We were rounding up one morning, our work was nearly done. 
When off the cattle started on a wild frightened run. 
Now the boss's little daughter was holding in that side. 
She rushed to turn the cattle,'twas there my partner died. 

In the saddle of the pony where the boss's daughter sat, 
Utah that very morning had placed a red blanket 
That the saddle might be easier for his little friend, 
But the blanket that he placed there brought my partner's life to an end. 

When Leonora rushed in to turn the cattle, her pony gave a bound 
And the blanket slipped from beneath her and went trailing on the ground. 
Now there's nothing on a cow ranch that will make the cattle fight 
As quick as some red object would just within their sight. 

When the cattle saw the blanket there trailing on the ground 
They were maddened in a moment and they charged it with a bound. When we cowboys saw what had happened, everyone just held our breath 
For if her pony failed her, none could save Leonora from death. 

When Leonora saw the cattle, she quickly turned her face. 
And leaned from out her saddle, caught the blanket back in place 
But in leaning lost her balance, fell before that maddened tide 
"Lie still, Leonora, I'm coming dear," were the words old Utah cried.

 About fifteen yards behind her Utah came riding fast.
 I little thought that moment that ride would be his last. 
The horse approached the maiden with sure feet and steady bounds And he leaned from out the saddle to catch her from the ground. 

In falling from her pony, she dragged the blanket down, 
And it lay there beside her where she lay upon the ground. 
As he leaned to reach Leonora and to catch her in his arms 
I thought my partner successful and Leonora safe from harm. 

But such weight upon the cinches, they never had felt before, 
His hind cinch burst asunder, and he fell beside Leonore. 
Utah picked up the blanket, "Lie still again," he said. 
And he ran across the prairie and waved the blanket over his head. 

And thus he turned the cattle from Leonora his little friend, 
And as the cattle rushed upon him, he turned to meet his end.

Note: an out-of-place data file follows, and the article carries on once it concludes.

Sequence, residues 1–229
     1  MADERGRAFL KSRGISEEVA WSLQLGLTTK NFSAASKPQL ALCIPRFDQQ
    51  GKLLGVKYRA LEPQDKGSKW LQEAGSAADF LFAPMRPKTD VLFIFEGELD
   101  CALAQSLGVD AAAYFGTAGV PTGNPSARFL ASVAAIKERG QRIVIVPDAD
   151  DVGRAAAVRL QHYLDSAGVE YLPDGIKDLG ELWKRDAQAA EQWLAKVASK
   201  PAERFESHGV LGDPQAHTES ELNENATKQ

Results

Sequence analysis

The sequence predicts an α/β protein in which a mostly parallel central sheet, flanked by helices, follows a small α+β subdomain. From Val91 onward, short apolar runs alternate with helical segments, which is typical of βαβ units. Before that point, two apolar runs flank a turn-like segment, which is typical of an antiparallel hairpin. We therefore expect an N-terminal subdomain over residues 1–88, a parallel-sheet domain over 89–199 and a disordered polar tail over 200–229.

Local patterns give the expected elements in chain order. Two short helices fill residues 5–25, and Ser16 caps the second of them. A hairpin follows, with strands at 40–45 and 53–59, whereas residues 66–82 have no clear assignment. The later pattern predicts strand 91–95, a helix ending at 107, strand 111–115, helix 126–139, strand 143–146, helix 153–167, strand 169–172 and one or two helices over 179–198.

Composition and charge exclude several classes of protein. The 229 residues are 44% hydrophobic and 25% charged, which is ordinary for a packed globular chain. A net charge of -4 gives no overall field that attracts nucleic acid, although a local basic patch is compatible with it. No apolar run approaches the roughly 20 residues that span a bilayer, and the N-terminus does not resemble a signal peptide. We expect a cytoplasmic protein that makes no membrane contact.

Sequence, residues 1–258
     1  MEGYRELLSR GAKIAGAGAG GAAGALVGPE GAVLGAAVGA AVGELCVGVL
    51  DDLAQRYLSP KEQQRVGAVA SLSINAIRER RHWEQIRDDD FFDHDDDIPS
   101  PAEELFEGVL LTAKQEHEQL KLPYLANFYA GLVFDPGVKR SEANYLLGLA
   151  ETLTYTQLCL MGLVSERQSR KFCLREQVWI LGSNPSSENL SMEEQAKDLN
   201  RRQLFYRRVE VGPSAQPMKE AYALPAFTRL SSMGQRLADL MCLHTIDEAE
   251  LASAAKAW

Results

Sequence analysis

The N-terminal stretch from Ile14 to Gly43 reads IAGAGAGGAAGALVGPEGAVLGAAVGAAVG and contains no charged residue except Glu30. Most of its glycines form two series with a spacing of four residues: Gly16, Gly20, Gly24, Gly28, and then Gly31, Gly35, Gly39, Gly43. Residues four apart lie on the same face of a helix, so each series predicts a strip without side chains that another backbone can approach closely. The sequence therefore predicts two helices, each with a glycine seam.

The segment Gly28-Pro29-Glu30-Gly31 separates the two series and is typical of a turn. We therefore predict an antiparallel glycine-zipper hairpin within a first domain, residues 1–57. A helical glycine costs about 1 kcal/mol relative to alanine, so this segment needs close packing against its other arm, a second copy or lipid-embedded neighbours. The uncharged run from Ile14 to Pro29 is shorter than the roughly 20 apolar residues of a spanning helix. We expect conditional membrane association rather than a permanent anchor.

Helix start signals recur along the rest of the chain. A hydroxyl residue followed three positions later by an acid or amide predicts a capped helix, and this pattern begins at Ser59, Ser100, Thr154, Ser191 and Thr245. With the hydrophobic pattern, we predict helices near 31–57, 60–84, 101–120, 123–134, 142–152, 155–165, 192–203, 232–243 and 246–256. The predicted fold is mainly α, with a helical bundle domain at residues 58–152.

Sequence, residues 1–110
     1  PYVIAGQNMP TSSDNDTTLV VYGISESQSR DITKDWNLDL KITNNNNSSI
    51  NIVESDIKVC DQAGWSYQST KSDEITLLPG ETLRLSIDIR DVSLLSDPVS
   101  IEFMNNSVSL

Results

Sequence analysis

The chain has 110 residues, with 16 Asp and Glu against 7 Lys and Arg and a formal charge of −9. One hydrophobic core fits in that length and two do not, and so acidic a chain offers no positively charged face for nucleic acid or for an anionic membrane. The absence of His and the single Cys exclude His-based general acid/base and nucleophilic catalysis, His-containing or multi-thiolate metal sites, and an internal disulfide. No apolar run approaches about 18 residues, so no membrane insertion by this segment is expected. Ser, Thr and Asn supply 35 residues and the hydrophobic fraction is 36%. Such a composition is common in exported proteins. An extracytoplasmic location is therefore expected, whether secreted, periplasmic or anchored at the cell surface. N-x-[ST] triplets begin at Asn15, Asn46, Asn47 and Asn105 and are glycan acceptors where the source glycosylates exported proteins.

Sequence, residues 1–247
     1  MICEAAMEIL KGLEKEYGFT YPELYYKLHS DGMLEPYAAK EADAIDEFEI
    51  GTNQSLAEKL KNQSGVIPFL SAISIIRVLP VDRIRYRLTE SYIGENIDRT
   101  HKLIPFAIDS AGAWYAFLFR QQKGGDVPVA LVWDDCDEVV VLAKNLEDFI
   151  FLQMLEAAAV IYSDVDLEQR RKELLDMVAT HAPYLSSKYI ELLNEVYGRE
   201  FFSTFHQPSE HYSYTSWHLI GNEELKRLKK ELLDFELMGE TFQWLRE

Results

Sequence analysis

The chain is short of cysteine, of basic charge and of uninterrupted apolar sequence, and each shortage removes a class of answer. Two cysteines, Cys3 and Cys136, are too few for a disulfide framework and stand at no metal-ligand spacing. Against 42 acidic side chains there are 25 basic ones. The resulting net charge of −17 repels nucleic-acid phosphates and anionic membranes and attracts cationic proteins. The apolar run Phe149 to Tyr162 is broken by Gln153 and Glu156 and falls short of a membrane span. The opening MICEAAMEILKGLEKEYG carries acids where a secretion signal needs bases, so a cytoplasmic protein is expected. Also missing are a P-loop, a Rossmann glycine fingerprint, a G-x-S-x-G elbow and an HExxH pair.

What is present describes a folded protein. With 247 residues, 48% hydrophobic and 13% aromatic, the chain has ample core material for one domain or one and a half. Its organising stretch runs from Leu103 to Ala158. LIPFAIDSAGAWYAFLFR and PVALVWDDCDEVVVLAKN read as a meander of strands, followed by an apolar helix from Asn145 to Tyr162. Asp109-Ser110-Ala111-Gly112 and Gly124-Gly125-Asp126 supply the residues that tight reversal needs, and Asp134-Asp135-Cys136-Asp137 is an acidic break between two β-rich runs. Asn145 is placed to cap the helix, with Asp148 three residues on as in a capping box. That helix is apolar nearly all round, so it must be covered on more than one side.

And quickly from his scabbard, Utah his pistol drew. 
He was bound to fight while dying, like a cowboy brave and true. 

His pistol flashed like lightning, the reports rang loud and clear 
As the cattle pinned down on him, he dropped the leading steer 
But they kept right on coming, my partner had to fall. 
No more he will cinch the bronco or give the cattle call. 

And when at last we reached him, there on the ground he lay, 
With cuts and wounds and bruises, his life-blood oozing away 
Oh, I tell you what, little one, it was most awful hard 
I could not ride the distance in time to save my pard. 

As I knelt down by him I knew his life was o'er, 
But I heard him faintly murmur, "Lie still, I am coming, Leonora, 
Twas on one Sunday morning, I heard the parson say, 
"I don't think your young partner will be lost on that great day.
" He was just a poor young cowboy, maybe a little wild. 
But God won't be too hard on a man who died to save a child.

V

W

When the Bloom is on the Sage

For most people there's a spot that lives forever,
Deep within their fondest memories.
Tho' I have been a rover I have never
Seen anyplace that I would rather be than---

When it's roundup time in Texas and the bloom is on the sage
How I long to be in Texas just a ridin' on the range
I can smell the bacon frying, hear it sizzlin' in the pan,
Hear the breakfast horn in the early morn drinkin' coffee from a can.

Just a ridin', rockin', ropin', poundin' leather all day long,
Just a seatin', swearin', smokin', listen to a cowboy song.
Though I know I'll never go there, I would work for any wage,
To be again, be free again, where the bloom is on the sage.

When it's roundup time in Texas and the bloom is on the sage,
How I long to be in Texas just a ridin' on the range.
Those purple hills are calling, calling to me from afar,
I'm back again to the Rio Grande and the lonely Texas star.

How I long to be living where the prairie flowers grow,
I'd be willing to start walking to the place that I love so.
It beacons and I reckon I would work for any wage,
To be again, be free again, where the bloom is on the sage.

When the Works All Done This Fall

A group of jolly cowboys discussing plans at ease,
Says one: "I'll tell you something, if you will listen please;
I am an old cowpuncher and here I'm dressed in rags,
And I used to be a tough one and take on great big jags.

"But I have got a home, boys, a good one you all know;
Although I have not seen it since long, long ago.
I'm going back home, boys, once more to see them all;
Yes, I'm going to see my mother when the works all done this fall.

"When I left home, boys,  my mother for me cried,
Begged me not to go, boys, for me she would have died;
My mothers heart is breaking, breaking for me that's all
And with Gods help I'll see her when the works all done this fall.

That very night this cowboy went out to stand his guard;
The night was dark and cloudy, and storming very hard;
The cattle they got frightened, and rushed in wild stampede,
The cowboy tried to head them, riding at full speed.

While riding in the darkness so loudly he did shout,
Trying his best to beat them and turn the herd about;
His saddle horse did stumble, and on him did fall;
The poor boy won't see his mother when the works all done this fall.

They picked him up so gently and laid him on a bed;
His body was so mangled the boys all thought him dead;
He opened wide his blue eyes and looking all around,
He motioned to his comrades to sit near him on the ground.

"Boys, send my mother my wages, the wages I have earned,
For I am afraid, boys, my last steer I have turned.
I am headed for a new range, I hear my Master call,